Whether you call it a reboot, remake, relaunch, reintroduction, retelling, revisiting, etc., Hollywood never found a dormant successful franchise it doesn’t want to squeeze a few more dollars from. It can be movie, TV, movie-to-TV, or TV-to-movie, but every year former household names are thrust upon us in a bid for our entertainment time. We may groan at the trailers for these new incarnations, but you have to admit they catch your attention, and obviously, someone is watching these. With The Predator now in theaters, another A Star Is Born coming out soon, Murphy Brown returning and a new Magnum P.I. series on the way, we thought it would be a good time to make a list of some reboots that haven’t been all bad.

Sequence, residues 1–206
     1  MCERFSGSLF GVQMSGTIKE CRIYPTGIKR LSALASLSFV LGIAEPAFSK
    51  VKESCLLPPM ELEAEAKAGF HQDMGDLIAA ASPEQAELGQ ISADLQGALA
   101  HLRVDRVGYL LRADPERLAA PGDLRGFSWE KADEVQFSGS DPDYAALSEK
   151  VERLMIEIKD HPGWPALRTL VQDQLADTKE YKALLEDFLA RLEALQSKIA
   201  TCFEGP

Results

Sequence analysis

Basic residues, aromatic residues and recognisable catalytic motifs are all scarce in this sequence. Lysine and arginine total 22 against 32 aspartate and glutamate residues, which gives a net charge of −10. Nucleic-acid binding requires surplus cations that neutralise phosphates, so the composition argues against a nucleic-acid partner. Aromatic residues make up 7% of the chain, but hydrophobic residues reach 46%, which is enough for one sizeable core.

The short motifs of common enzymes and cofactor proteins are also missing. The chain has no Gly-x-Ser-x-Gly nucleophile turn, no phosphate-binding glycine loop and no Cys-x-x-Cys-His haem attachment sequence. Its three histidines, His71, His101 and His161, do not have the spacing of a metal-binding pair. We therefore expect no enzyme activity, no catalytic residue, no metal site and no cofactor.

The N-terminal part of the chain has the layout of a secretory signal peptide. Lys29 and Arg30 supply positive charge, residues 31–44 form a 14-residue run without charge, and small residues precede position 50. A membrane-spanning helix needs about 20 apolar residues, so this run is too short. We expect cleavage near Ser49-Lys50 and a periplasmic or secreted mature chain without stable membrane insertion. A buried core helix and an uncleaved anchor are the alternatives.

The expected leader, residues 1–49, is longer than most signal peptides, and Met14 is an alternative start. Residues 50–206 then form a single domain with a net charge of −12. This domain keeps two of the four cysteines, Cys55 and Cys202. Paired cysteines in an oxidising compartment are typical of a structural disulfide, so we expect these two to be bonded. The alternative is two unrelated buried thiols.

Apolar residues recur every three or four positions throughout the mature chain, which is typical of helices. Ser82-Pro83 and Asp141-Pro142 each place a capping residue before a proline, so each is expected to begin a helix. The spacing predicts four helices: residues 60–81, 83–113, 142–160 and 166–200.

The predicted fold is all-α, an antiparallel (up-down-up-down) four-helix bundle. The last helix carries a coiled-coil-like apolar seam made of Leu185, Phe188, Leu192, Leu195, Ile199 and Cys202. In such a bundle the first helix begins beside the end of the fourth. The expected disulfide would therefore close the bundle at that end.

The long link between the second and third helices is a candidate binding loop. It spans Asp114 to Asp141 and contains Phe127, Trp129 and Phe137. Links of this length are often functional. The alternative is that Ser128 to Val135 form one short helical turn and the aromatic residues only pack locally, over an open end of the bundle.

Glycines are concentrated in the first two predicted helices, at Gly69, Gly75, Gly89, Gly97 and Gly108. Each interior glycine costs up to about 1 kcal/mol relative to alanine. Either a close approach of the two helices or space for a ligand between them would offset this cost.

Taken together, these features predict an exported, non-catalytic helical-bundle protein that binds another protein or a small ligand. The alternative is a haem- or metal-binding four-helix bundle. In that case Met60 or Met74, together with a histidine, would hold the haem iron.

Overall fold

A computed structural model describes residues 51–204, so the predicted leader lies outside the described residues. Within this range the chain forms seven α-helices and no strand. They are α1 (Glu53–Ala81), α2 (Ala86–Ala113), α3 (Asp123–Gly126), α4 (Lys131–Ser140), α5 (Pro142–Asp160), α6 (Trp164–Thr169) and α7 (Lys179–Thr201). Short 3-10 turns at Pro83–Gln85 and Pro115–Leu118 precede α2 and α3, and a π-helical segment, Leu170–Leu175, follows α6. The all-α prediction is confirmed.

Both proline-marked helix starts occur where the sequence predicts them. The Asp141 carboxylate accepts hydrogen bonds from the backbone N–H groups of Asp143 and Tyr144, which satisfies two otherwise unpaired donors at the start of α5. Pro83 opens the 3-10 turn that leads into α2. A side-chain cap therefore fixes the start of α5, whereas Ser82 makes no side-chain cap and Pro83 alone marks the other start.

The reboot/remake mania can definitely be exhausting at times. I find myself constantly saying in my mind “does no one have any new ideas anymore?” To make matters worse, you get every moronic fanboy complaining about how their beloved movie/TV is getting ruined – even before they have seen the film or show. Nevertheless, I often get suckered into reboots/remakes of my favorites – hoping for the best, often languishing in dismay. Yet as I put together this list, I discovered that quite a few reboots were among my favorite films of the past decade.
- Live Free Or Die Hard (2007) – It was fun to see Willis back in this role. Too bad the 2013 sequel was so horrendous I had to shut it off after 20 minutes.
- Terminator Salvation (2009) – This was widely derided, but I found the story interesting and Sam Worthington, Christian Bale and Moon Bloodgood (what happened to her?) led a solid cast. Can we at least agree it was better than the next attempted reboot – Terminator: Genisys?